Special Olympics superstar: Boynton man has 100-plus career medals
Palm Beach Post - 8/11/2018
Aug. 11--BOYNTON BEACH
If Jonathan Doring were to put on all of his Olympic medals, he says he'd fall over from the weight of them.
"It'd be way too heavy," Doring said.
With more than 100 medals from the Florida Special Olympics and a half-dozen from National and World Special Olympic Games, the 38-year-old from suburban Boynton Beach man is building quite a collection.
He added two more medals -- a gold and a bronze -- this summer at the Special Olympics USA games in Seattle.
Kathy Doring said the Special Olympics organization has allowed her son to "blossom" despite his Fragile X syndrome diagnoses, which can cause intellectual disability and is underneath the autism umbrella.
"It's a place where he can feel like he belongs, where he feels safe and his light can shine," she said. "It's a place where he can reach his potential."
Doring has won medals in sports ranging from speed skating to softball, but his true passion is tennis.
"Tennis is a one-man sport," he said. "I like to rely on my own skills, not on someone else."
Doring plays tennis in the "high performance" bracket, one reserved for the Special Olympics' most skillful players.
"Jonathan is an incredible athlete," said Rich Fleming, the director of the Palm Beach County Special Olympics program. "You can really tell when he's out there on the court. He's taken it to another level."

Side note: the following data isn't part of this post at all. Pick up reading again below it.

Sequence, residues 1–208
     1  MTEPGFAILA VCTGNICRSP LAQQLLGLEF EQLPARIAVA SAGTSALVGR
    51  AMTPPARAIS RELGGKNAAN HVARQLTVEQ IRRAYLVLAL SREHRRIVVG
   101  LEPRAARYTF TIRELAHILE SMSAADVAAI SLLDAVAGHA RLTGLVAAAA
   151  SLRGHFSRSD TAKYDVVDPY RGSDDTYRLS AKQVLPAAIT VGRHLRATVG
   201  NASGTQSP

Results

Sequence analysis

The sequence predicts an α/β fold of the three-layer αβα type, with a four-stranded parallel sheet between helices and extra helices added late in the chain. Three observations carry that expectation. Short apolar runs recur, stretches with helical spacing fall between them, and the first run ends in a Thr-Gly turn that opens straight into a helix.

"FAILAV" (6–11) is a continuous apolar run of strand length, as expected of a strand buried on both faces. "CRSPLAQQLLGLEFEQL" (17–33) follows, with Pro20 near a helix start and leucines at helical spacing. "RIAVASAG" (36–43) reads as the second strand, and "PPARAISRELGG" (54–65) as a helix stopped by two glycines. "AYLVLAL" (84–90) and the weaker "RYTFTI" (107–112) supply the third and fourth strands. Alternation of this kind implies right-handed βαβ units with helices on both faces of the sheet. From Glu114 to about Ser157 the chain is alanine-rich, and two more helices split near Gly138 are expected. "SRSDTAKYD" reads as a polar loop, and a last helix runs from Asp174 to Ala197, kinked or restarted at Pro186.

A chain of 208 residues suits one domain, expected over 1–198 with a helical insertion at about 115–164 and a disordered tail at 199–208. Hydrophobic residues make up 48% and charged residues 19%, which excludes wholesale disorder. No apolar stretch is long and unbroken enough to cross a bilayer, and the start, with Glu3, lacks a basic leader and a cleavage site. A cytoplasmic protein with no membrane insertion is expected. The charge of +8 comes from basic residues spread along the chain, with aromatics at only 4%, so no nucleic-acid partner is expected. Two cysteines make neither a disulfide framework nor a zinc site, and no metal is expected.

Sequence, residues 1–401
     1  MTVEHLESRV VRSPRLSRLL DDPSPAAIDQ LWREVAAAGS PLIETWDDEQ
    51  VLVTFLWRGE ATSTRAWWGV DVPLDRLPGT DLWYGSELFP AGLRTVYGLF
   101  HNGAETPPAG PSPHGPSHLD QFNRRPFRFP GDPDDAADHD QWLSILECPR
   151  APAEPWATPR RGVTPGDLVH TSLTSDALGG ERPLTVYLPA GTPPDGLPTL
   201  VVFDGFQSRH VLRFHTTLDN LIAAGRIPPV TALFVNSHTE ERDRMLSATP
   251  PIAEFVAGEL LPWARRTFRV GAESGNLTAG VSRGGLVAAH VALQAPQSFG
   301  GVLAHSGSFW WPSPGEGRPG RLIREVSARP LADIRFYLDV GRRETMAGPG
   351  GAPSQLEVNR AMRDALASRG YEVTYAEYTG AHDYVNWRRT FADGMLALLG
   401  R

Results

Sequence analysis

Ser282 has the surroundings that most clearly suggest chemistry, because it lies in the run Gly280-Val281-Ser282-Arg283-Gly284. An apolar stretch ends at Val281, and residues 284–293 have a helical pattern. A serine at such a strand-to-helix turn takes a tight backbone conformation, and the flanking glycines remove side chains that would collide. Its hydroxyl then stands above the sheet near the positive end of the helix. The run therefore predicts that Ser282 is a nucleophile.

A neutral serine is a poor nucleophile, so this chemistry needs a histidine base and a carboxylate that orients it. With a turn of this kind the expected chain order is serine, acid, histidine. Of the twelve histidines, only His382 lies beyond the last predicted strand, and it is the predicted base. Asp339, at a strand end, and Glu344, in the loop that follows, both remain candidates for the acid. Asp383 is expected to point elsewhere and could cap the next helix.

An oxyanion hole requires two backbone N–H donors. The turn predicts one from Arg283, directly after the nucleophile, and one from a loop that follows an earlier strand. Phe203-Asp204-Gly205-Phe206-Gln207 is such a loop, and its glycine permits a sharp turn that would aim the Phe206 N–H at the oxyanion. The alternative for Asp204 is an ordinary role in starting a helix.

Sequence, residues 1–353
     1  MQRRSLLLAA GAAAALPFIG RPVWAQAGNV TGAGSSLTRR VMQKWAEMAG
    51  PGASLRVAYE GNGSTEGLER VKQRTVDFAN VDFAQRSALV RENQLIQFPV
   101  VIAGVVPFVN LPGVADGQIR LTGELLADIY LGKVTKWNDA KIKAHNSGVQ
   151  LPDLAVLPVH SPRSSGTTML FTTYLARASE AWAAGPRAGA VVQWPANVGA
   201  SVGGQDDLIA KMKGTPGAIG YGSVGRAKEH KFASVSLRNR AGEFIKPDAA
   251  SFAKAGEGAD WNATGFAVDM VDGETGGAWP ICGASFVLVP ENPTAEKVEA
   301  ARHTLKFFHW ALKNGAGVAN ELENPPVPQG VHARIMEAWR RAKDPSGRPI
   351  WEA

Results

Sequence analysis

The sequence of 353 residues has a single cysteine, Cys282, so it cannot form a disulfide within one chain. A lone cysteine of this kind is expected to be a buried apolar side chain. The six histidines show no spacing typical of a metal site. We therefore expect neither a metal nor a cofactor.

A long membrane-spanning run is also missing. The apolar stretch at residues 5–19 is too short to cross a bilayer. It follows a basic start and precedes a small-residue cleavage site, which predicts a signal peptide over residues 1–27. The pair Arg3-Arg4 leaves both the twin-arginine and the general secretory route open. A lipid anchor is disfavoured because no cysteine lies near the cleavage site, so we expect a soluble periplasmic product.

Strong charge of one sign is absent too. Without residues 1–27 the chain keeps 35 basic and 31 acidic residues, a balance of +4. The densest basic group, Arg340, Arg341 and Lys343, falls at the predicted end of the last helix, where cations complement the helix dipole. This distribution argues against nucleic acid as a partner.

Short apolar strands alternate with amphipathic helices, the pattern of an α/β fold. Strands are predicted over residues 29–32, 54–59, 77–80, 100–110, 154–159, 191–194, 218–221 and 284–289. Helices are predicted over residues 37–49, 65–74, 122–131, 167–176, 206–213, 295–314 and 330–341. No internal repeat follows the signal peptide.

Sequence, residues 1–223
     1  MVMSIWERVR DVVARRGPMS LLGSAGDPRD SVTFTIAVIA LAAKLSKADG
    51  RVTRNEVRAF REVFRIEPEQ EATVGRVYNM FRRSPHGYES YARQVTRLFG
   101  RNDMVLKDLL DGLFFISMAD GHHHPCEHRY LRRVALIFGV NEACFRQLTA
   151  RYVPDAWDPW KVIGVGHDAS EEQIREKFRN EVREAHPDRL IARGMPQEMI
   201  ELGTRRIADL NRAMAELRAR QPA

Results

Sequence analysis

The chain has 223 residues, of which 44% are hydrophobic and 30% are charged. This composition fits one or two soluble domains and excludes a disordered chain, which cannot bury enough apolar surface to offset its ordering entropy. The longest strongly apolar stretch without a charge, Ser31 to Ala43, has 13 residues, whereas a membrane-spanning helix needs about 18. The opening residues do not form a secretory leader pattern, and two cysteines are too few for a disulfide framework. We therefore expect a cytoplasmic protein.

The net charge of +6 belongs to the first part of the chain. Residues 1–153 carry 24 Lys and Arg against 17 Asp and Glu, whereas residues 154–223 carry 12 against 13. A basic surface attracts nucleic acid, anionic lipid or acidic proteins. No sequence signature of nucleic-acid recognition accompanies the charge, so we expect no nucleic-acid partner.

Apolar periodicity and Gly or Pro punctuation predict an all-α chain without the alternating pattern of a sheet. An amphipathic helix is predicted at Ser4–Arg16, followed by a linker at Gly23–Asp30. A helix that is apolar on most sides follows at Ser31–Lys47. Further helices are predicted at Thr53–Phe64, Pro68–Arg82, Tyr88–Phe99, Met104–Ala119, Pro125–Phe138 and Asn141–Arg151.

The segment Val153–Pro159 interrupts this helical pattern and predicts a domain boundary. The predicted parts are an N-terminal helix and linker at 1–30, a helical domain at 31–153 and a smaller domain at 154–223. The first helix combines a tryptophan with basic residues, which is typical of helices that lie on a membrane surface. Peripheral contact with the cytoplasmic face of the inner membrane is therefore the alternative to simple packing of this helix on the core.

In 2006, Doring won a silver in tennis at the national games in Ames, Iowa.
In 2010, he won gold playing softball at the games in Lincoln, Neb., and in 2011 he won goldin tennis at the World Games in Athens, Greece.
He's even been an official -- at the 2015 World Games in Los Angeles.
He's also a Special Olympics Global Messenger and a member of the county and state Athlete Leadership Councils.
Fleming has watched Jonathan grow in the 22 years he has served as the Special Olympics director for the county.
"When Jonathan was first involved as a young man, he was fairly shy. The more he played, the more he got involved, he really started to gain confidence," Fleming said. "He has blossomed in this world. I think the benefits of sports are priceless, and Jonathan is proof."
Jonathan has also noticed the benefits and has started to utilize some of the skills he's learned on the court in his daily life, especially when he is working as a cashier at Publix.
"I have learned that I have to stay focused. I have to concentrate when I play tennis," he said. "I have to pay attention so I can keep the math right."
He also used that focus while earning an associates degree in computer science from Palm Beach State College.
His next goal is learning to drive.
"He's been studying the manual for two years," his mother said. "It's another tool for independence, tools like the Special Olympics have been teaching him for years."
But when he's not at work or learning to drive, Jonathan spends six days a week practicing tennis.
It's his passion, he said, something he doesn't plan to ever quit.
"It feels great to look at my medals and know that I won them," he said. "I like showing off my skills. I like playing the game and just having fun."
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